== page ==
3. #13
    Join Date
    Oct 2014
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    6,777

    Default Re: Can Forged Signature on Certified Mail Be Used to Void Statute of Limitations

    Quote Quoting jk
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    Then, does moving out of state along with failing to provide a forwarding address itself, or even with providing a forwarding address, toll the pertinent statute of limitations. Often times leaving the state does in fact do so.
    The law of many states certainly provides that the SOL is tolled or extended for criminal prosecution when the suspect flees the state; and that rule is sometimes applied to the SOL for civil litigation, too. You do not see it much in statutes of limitation for assessment of tax, and indeed there is no provision in the Ohio statutes that extends the SOL for assessment of income tax if the taxpayer leaves the state. The SOL issue plays out just as I described earlier.

  4. #14
    Join Date
    Jan 2006
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    Default Re: Can Forged Signature on Certified Mail Be Used to Void Statute of Limitations

    Quote Quoting Taxing Matters
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    The law of many states certainly provides that the SOL is tolled or extended for criminal prosecution when the suspect flees the state; and that rule is sometimes applied to the SOL for civil litigation, too. You do not see it much in statutes of limitation for assessment of tax, and indeed there is no provision in the Ohio statutes that extends the SOL for assessment of income tax if the taxpayer leaves the state. The SOL issue plays out just as I described earlier.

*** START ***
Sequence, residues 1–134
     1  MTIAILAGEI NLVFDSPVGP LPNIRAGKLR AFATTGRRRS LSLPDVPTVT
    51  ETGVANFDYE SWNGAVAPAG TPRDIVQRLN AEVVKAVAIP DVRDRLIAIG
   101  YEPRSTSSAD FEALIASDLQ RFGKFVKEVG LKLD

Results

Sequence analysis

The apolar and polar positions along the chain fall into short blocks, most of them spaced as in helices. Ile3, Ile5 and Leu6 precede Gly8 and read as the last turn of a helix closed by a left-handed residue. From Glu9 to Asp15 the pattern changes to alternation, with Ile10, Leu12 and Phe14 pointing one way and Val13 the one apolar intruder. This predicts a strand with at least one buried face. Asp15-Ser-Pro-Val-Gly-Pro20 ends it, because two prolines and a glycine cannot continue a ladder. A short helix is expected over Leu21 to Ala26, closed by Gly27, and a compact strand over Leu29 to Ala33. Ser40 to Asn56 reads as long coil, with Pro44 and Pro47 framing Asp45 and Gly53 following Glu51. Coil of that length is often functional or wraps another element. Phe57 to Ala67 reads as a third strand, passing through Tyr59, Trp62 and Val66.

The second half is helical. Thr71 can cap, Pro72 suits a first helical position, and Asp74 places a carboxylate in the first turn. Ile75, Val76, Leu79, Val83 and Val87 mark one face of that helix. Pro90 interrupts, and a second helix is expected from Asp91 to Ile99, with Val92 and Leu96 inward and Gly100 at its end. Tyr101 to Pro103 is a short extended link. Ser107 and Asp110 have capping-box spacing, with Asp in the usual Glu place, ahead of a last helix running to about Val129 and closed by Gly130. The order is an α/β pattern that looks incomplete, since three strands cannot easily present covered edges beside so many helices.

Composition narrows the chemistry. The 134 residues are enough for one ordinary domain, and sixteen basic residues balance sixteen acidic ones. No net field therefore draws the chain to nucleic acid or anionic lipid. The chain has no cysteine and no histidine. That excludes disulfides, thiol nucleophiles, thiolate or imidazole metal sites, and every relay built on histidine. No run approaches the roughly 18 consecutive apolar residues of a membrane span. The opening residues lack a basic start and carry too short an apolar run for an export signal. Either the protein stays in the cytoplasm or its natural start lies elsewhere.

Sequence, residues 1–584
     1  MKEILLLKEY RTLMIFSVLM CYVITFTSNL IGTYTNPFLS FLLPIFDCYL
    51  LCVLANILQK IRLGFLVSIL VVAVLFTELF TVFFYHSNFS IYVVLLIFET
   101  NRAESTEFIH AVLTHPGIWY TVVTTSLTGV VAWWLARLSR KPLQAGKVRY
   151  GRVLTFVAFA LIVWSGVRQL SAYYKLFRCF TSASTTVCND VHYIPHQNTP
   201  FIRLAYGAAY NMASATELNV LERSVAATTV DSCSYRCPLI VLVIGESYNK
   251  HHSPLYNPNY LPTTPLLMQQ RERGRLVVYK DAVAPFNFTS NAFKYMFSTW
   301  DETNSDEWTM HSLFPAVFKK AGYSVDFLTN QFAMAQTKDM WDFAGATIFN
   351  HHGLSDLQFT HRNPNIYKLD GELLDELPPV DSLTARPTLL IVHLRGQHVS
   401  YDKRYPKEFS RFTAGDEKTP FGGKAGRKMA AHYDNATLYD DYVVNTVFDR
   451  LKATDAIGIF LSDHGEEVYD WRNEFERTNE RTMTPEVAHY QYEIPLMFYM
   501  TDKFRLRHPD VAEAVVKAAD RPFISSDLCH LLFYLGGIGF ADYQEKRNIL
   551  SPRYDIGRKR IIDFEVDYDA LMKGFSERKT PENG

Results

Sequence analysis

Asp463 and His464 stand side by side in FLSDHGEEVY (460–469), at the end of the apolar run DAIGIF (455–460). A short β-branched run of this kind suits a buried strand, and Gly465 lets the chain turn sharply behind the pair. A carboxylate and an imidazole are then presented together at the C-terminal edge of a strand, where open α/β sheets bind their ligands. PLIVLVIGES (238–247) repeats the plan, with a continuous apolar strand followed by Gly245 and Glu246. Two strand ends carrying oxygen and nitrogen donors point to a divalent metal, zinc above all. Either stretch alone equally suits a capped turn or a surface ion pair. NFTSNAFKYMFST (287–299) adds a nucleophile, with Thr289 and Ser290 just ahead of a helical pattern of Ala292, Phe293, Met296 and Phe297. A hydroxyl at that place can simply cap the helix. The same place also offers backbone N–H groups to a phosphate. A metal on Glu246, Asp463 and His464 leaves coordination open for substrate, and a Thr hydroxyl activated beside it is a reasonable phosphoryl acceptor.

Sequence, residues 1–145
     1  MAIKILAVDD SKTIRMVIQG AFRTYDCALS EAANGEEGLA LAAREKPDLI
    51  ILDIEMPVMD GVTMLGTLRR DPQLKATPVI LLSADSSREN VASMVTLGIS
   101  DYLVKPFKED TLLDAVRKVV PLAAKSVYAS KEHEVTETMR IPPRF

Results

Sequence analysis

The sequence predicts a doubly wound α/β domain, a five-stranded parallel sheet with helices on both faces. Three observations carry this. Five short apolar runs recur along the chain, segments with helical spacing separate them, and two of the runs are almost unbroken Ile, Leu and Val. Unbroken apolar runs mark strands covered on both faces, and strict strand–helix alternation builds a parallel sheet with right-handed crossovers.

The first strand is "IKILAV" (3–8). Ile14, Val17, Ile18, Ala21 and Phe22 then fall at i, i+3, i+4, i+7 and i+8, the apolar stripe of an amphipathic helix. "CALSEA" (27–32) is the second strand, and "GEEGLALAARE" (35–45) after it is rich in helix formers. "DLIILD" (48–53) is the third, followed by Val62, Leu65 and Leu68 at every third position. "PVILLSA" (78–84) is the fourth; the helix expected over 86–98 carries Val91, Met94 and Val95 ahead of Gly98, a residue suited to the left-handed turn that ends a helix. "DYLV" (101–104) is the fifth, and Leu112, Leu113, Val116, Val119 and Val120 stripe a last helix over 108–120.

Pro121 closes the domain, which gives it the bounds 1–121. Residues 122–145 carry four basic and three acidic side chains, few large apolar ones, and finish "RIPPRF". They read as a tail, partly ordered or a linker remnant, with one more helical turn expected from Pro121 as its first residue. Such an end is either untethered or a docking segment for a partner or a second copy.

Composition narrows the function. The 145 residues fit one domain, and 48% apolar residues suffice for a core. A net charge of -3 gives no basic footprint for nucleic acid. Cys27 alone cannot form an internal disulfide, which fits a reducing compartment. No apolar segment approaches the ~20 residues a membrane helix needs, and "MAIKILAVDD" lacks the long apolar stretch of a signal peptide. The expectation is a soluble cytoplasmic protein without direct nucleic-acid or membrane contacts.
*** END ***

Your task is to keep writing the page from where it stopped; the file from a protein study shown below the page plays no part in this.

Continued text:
Thanks tm but it appears tolling should not be an issue as op states there simply are no taxes owed. He apparently was simply trying to shut down the collector.

  5. #15
    Join Date
    Oct 2014
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    6,777

    Default Re: Can Forged Signature on Certified Mail Be Used to Void Statute of Limitations

    Quote Quoting jk
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    In other words: why waste time on an irrelevent matter when you need to simply deal with the claim itself. You were told that the info would be several weeks out. Wait for that and then deal with that. Until that time donít waste your time trying to prove issues that donít matter once you prove you donít owe anything